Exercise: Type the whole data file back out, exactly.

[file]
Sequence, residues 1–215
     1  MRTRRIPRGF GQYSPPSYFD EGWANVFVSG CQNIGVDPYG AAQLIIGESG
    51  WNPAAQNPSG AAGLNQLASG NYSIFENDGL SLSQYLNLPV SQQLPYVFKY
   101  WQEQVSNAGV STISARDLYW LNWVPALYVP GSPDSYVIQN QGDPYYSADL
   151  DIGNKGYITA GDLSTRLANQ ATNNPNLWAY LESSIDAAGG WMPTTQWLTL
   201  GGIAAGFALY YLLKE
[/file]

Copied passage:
Sequence, residues 1–215
     1  MRTRRIPRGF GQYSPPSYFD EGWANVFVSG CQNIGVDPYG AAQLIIGESG
    51  WNPAAQNPSG AAGLNQLASG NYSIFENDGL SLSQYLNLPV SQQLPYVFKY
   101  WQEQVSNAGV STISARDLYW LNWVPALYVP GSPDSYVIQN QGDPYYSADL
   151  DIGNKGYITA GDLSTRLANQ ATNNPNLWAY LESSIDAAGG WMPTTQWLTL
   201  GGIAAGFALY YLLKE